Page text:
Media roundup: Google to cut big checks for news publishers, Substack continues to draw top creators, more

Welcome back to Extra Crunch’s Media Roundup, where I round up the stories that entrepreneurs in the content and advertising business should be thinking about — trends, larger platform shifts, as well as noteworthy funding rounds.

This time, we’ve got some bad news for movie theaters, the specter of antitrust regulation and a new career path for journalists. Let’s get started!

Movie studios and theaters face a bleak fall

In the last roundup, I pointed to “Tenet”’s global opening weekend as a sign that the theatrical movie business might be coming back to life — but I may have spoken too soon.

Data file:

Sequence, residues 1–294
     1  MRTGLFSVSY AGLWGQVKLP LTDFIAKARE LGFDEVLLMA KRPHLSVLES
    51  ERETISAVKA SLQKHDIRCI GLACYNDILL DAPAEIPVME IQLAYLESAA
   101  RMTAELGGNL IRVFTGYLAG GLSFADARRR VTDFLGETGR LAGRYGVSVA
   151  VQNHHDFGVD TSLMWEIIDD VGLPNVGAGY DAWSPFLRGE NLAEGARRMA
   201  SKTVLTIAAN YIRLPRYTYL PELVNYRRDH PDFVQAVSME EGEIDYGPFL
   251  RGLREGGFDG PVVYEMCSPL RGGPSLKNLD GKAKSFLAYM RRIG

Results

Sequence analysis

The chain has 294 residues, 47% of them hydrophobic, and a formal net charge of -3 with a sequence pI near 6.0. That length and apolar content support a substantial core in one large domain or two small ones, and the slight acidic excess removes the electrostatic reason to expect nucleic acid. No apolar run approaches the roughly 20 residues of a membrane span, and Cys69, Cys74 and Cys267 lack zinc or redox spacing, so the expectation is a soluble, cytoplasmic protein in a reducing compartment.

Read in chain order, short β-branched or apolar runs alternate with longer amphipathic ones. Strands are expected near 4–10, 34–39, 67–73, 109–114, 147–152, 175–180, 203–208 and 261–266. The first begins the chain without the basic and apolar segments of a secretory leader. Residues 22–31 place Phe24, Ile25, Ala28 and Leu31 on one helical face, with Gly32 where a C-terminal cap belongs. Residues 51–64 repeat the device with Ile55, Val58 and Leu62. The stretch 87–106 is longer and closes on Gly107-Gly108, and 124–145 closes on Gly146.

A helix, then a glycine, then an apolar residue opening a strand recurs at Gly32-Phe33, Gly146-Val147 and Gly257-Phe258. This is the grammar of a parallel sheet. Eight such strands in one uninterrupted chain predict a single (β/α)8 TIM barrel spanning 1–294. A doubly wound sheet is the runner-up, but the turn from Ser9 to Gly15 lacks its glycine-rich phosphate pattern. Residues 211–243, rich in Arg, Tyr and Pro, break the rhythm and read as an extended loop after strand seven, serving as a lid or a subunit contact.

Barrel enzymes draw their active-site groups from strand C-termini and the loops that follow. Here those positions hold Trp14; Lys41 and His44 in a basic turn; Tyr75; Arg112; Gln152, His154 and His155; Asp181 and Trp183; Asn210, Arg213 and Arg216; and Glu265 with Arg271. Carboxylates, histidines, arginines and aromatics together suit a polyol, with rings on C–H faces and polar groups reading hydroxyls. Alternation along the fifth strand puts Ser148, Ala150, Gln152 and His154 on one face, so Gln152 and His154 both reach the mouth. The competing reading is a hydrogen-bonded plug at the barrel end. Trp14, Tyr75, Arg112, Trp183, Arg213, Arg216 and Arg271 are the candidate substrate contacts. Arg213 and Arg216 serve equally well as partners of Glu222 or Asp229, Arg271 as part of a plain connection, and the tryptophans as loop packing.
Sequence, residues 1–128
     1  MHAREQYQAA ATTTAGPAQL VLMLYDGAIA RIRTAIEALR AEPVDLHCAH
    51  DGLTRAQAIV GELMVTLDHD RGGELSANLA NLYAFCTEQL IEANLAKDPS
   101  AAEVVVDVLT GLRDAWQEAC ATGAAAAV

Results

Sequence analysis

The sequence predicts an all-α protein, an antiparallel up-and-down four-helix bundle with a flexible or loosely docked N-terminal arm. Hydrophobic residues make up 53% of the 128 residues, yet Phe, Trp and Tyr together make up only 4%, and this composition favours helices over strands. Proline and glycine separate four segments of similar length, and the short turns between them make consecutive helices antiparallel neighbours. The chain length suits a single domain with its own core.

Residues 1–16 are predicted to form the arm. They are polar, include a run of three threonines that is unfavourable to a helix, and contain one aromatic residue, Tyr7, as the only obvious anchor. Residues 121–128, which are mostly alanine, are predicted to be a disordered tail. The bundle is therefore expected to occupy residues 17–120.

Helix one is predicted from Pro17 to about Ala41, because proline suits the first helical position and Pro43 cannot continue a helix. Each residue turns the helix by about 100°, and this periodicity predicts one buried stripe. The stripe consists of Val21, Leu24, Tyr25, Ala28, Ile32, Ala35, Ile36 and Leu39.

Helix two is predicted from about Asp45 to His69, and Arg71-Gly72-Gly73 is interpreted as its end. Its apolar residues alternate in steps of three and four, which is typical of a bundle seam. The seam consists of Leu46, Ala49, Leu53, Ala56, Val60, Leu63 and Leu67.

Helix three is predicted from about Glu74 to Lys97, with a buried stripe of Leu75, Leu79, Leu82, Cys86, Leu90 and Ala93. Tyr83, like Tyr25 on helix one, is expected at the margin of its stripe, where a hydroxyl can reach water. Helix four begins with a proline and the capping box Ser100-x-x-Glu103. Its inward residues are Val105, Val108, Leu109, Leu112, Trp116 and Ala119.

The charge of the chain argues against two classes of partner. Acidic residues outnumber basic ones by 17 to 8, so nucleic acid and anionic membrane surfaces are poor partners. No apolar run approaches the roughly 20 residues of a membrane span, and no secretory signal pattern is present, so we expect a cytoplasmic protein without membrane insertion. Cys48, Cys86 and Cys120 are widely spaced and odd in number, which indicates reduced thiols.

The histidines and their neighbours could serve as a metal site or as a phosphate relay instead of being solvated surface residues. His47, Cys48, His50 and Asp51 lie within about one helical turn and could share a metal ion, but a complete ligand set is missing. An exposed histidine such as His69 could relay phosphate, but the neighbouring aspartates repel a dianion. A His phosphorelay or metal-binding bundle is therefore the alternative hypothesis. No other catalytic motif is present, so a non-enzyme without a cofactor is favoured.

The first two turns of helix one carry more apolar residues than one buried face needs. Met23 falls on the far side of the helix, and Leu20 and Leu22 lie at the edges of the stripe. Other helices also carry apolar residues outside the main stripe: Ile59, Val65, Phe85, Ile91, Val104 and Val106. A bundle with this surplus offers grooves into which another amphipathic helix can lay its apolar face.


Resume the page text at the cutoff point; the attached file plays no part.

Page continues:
While the latest Christopher Nolan film has continued to do reasonably well outside the United States, it’s only grossed $20 million domestically for Warner Brothers. The film’s underwhelming performance could be blamed on U.S. audiences being afraid to return to theaters — but it might simply be a reflection of the fact that theaters in major moviegoing markets like New York, Los Angeles and San Francisco remain closed.

Either way, Warner Brothers and other studios are clearly spooked by the results and have pushed nearly all of their theatrical releases until next year, with knock-on effects for the movies that were already scheduled for 2021. For example, Warner’s “Dune” is being delayed until October 2021, and Daniel Craig’s final Bond entry, “No Time To Die,” was pushed back from November until April. Meanwhile, “The Batman” has been delayed from 2021 to 2022.

At this point, there are few Hollywood blockbusters on the calendar until Christmas, when “Wonder Woman 1984” is due for release. To be honest, I’d be surprised if it actually hits that date. (Video-game comedy “Free Guy,” starring Ryan Reynolds, is scheduled for December 11, but the cast has already created a tongue-in-cheek video acknowledging that release dates aren’t exactly set in stone right now.)